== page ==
In general, these two men differed both in the goals for which they struggled and the ways in which they tried to achieve those goals.
Martin Luther King, Jr. was an integrationist. He believed that blacks and whites should live together in a single, integrated society. He welcomed white people in the movement that he led. Malcolm X, by contrast, was a black nationalist, particularly before he visited Mecca late in his life. He adhered to the Nation of Islam teaching that white people were inferior to black people. He believed that African Americans should stand up on their own instead of looking to whites for support.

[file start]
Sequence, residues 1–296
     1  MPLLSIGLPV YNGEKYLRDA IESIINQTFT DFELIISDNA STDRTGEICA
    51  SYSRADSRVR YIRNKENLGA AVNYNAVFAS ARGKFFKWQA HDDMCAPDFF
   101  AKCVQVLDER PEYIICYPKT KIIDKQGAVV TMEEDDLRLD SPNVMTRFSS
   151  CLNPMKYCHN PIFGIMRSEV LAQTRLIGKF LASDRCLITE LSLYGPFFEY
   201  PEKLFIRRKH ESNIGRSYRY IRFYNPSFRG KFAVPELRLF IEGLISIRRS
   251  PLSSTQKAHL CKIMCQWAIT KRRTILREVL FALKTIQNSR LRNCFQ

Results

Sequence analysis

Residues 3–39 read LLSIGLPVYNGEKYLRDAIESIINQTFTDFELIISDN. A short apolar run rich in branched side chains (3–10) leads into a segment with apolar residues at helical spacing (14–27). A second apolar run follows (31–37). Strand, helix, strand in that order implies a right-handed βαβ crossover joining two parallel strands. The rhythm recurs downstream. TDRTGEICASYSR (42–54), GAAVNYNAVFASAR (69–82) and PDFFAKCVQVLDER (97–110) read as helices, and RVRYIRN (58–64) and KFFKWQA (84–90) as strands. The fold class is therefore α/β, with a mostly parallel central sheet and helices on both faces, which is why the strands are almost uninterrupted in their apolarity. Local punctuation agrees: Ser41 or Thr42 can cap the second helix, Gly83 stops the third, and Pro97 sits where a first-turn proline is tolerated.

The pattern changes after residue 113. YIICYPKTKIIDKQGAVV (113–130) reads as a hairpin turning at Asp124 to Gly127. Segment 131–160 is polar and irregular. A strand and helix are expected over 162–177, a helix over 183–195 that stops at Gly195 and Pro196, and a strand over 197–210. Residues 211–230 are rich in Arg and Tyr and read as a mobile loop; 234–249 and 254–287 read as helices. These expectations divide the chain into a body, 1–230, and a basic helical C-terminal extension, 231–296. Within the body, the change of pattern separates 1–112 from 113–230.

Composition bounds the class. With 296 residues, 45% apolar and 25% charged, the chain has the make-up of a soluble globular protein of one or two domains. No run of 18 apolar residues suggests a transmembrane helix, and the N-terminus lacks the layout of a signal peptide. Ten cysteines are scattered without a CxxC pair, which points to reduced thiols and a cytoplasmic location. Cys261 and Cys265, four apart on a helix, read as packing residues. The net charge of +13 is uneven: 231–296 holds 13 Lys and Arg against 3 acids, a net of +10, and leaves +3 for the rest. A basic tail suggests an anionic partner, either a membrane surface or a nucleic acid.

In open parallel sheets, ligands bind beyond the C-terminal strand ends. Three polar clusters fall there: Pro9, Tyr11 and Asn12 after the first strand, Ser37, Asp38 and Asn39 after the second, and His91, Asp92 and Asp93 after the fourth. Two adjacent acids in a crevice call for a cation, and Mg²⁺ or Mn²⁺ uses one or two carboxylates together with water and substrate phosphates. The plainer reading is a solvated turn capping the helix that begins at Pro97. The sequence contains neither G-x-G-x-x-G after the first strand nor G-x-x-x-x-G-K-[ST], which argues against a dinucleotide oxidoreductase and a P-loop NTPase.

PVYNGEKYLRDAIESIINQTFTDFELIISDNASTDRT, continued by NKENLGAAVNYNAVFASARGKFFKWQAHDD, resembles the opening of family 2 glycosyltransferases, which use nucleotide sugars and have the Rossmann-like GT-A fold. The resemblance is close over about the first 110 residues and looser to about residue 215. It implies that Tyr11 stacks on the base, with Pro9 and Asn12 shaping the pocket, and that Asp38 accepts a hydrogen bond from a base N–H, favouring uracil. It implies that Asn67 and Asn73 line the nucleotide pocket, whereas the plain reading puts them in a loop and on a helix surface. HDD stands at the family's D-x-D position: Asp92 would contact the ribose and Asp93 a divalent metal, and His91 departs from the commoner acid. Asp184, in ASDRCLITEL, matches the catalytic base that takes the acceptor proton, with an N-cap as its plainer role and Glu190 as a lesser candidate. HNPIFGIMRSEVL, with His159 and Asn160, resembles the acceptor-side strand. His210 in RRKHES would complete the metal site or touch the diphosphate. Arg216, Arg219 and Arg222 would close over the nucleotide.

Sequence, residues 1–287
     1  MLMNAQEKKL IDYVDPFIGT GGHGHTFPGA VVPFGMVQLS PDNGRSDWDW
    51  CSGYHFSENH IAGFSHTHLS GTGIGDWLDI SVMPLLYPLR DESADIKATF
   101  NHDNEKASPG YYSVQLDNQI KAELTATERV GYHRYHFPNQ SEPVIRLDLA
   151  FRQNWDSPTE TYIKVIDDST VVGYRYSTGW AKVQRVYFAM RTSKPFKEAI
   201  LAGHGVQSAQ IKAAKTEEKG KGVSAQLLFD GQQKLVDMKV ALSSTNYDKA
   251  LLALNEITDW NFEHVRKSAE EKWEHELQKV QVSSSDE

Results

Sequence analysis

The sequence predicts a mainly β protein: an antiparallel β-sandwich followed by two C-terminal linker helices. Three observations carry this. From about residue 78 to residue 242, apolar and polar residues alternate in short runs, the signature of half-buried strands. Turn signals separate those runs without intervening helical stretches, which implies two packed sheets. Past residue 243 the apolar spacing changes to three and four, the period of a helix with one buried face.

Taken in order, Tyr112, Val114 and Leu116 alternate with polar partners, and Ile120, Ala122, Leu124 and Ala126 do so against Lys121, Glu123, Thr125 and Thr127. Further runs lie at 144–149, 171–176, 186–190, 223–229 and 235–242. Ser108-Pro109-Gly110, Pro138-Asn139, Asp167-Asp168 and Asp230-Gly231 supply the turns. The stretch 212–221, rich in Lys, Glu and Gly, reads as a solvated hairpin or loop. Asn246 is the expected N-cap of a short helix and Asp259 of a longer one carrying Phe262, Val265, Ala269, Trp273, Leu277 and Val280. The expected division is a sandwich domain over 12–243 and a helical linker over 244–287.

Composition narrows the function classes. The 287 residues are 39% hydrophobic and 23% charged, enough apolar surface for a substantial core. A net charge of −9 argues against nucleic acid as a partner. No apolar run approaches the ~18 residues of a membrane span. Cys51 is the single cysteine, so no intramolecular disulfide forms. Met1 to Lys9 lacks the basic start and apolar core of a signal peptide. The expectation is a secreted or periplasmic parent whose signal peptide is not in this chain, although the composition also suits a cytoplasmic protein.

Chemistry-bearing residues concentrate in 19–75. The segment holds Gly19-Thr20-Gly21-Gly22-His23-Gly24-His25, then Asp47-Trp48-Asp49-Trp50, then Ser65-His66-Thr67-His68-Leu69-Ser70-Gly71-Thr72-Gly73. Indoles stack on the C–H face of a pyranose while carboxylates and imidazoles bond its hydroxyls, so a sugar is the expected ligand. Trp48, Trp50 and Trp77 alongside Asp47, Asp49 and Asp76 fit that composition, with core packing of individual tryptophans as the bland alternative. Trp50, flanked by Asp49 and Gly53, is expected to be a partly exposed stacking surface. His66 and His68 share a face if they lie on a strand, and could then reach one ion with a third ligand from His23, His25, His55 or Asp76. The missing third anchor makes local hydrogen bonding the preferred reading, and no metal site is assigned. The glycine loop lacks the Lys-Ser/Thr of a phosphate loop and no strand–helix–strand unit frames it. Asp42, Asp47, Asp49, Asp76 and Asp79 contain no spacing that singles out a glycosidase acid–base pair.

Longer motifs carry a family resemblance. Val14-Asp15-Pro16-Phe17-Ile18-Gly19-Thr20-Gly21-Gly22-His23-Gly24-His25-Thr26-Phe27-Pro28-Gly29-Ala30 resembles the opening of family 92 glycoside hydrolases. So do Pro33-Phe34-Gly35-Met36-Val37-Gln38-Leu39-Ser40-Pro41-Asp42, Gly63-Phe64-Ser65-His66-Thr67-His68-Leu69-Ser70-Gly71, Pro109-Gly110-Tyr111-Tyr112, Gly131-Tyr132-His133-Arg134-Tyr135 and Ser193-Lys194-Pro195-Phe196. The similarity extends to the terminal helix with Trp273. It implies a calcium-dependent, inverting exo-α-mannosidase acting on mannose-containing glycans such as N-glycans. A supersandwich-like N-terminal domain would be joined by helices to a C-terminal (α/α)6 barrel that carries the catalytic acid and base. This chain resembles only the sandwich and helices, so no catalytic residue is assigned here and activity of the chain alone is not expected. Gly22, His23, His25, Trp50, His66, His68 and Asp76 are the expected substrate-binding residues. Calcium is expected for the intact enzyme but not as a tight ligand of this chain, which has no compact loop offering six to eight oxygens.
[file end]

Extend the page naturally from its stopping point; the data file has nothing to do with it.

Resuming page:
King was famously committed to the idea of non-violent civil disobedience. He believed that it was necessary to pursue black rights through non-violent means because that was more ethical than violence and confrontation. Malcolm X did not agree with this. He believed that change must be pursued “by any means necessary.”
Thus, these two leaders were very different in terms of the goals they pursued and the tactics they wished to use in pursuit of those goals.